dealing with pollution problems. This would include not only the insureds here
but some engineering and design companies. 
Interestingly, the insureds in this case did not appear to have sought
that coverage.  As one might expect, it
is extremely expensive. Nevertheless, this observation proves the point that
almost every type of insurance is available for anything that is fortuitous.  Naturally, bodily injuries, sickness and
human death resulting from pollution are not normally excluded for health
insurance policies or from life insurance.)

The District Court and the Court of Appeals granted the insurers
summary judgment as to coverage based on the pollution exclusions in the
various policies.  It seems that the
substance complained about while confined to the soil generates nitrates into
the ground water, and other water there, as well as the surface to some extent,
and those are health-harmful, perhaps even to cattle.

The Supreme Court affirmed the two lower courts.  Its review of case and the twists and turns
regarding the meaning and use of the term “pollution” is to be admired,  as is the dissent of the Chief Justice, the
brilliant and famous, Shirley S. Abrahamson.  

(One of the majority’s most interesting point is that under Wisconsin
law if a perfectly normal activity unexpectedly, but rarely, produces something
which might be a pollution under more regular circumstances, perhaps should  not be counted as a pollutant in those rare
circumstances. Obviously, this “rule”—or whatever it is–does not usually apply
to lead paint that gets off the painted-on surface.  Interestingly, this is one of the continuing
sources of pollution related insurance disputes.)

In any case, the Supreme Court ruled that what had happened to the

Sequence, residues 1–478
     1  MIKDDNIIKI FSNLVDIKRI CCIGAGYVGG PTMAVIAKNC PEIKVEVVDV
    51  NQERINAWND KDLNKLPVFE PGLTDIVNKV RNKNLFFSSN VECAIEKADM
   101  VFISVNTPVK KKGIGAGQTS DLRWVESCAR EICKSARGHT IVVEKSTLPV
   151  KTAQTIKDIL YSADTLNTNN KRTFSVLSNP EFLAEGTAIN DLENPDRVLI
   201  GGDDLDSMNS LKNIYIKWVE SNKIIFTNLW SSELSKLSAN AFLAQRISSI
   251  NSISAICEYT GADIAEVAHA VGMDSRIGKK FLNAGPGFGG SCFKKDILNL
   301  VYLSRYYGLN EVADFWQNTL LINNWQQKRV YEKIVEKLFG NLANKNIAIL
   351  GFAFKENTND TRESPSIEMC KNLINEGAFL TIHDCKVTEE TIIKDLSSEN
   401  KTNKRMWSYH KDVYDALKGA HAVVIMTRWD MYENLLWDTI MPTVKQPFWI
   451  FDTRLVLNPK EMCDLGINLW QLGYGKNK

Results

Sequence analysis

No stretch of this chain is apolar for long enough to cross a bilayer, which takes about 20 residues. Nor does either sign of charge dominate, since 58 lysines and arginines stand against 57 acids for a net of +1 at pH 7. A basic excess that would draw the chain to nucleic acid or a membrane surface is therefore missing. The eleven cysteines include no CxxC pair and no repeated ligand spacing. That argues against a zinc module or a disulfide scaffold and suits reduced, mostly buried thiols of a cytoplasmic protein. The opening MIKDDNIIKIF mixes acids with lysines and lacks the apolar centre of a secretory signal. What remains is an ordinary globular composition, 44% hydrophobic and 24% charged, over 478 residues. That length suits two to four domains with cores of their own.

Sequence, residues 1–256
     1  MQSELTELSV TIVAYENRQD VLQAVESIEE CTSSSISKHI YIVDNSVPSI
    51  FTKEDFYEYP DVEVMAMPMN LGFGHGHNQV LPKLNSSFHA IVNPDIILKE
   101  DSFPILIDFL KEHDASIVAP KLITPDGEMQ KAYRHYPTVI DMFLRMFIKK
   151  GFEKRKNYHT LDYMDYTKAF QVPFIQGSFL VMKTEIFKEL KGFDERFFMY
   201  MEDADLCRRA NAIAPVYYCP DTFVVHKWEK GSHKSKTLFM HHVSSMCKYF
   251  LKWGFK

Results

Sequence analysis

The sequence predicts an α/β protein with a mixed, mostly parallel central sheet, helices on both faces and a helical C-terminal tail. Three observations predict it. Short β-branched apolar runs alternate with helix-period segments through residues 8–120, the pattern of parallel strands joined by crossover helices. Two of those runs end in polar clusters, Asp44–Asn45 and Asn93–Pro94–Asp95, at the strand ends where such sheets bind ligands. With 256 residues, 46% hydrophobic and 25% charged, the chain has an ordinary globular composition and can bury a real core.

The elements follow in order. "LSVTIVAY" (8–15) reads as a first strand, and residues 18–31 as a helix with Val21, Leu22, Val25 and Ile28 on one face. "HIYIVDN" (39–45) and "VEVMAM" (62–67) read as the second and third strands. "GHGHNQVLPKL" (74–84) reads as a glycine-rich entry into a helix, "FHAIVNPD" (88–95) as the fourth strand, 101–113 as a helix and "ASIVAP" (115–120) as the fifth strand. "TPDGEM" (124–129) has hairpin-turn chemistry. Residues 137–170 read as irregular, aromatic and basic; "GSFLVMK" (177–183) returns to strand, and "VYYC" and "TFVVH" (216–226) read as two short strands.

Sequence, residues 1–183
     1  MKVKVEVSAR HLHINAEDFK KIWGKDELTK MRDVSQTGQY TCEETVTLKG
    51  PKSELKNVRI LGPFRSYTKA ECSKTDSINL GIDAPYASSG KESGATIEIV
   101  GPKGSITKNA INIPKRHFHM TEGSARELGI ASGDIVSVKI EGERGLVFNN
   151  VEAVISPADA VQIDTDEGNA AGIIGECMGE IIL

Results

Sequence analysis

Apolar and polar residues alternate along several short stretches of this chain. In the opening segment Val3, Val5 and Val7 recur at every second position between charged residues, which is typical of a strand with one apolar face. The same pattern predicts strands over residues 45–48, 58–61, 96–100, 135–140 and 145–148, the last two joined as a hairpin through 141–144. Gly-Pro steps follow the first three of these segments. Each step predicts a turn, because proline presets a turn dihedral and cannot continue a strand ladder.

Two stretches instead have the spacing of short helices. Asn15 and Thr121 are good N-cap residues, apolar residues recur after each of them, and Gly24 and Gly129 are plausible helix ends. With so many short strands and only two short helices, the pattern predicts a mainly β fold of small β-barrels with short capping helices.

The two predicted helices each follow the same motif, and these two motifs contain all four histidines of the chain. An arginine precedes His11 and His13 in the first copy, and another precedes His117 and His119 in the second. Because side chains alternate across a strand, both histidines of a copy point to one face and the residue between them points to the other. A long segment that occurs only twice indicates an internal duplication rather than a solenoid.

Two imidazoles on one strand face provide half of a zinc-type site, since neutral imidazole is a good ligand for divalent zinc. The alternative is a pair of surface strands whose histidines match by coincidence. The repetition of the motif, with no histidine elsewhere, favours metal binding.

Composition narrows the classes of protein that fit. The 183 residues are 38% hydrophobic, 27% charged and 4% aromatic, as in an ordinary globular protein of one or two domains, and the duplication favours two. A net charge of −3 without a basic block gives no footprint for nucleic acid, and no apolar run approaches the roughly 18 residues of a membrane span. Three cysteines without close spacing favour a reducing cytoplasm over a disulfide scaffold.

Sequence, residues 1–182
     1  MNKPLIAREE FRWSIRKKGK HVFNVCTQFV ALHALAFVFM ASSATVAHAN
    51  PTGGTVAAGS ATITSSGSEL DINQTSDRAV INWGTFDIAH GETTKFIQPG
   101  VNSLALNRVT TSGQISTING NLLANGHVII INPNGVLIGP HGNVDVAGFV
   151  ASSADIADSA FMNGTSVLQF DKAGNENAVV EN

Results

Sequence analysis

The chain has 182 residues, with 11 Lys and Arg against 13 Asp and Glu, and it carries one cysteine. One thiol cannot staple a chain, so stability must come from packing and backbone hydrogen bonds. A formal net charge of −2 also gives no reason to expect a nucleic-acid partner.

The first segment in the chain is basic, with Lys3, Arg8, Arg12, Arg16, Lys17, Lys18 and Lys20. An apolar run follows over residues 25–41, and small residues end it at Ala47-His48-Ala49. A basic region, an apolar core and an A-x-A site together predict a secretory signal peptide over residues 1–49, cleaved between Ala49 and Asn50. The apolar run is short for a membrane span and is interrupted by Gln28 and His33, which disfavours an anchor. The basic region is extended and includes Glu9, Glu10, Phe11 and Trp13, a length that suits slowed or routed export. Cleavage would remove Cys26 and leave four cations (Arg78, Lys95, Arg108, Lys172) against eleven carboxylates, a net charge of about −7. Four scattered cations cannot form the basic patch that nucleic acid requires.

Preislers was the sort of thing that is encompassed by relevant insuring
agreements
but also falls under pollution exclusions.*  It cited many Wisconsin opinions on these
general subjects in its well reasoned, logical opinion, so this case will be a
law school teaching case. (After all, decisions of the Wisconsin Supreme Court
are often regarded as among the most important because of their depth.)

*As a general rule, insurers have insuring agreements—“You are covered,
except when”—and exclusions—“This is a “when. . . .”  Some say there may be “secret” exclusions
hidden elsewhere in the policy, e.g., in an insuring agreement  or in a definition, but courts seldom adopt
this view..

In conclusion, it is worth noting that one of the most important cases
upon the relatively large number upon which the majority relied is a relatively
recent one,  Hirschhorn v. Auto-Owners Ins. Co., 809 N.W.2d 529 (Wis.
2012)(property damage caused by bat guano). Many legal arguments depend
basically on analogies.

Originally posted on 02/12/2015 @ 6:37 pm

Michael Sean Quinn, PhD, JD, CPCU, Etc

Michael Sean Quinn, PhD, JD, CPCU, Etc. (530)

One of Texas's leading insurance scholars, Michael Sean Quinn is a past chair of the Insurance Section of the State Bar of Texas and has a broad legal practice.